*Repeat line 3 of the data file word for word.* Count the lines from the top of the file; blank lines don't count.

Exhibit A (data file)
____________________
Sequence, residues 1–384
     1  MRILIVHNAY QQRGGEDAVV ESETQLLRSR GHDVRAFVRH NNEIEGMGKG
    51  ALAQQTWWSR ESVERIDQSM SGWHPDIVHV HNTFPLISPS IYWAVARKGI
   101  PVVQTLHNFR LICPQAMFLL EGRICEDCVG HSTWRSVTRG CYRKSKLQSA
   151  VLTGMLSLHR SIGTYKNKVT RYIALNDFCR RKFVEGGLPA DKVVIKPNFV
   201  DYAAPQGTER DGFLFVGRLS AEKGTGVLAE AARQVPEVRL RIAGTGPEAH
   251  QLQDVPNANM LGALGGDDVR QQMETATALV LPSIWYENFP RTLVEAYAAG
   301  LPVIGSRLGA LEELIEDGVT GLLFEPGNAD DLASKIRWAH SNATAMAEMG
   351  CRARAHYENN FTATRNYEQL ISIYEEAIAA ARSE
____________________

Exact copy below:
    51  ALAQQTWWSR ESVERIDQSM SGWHPDIVHV HNTFPLISPS IYWAVARKGI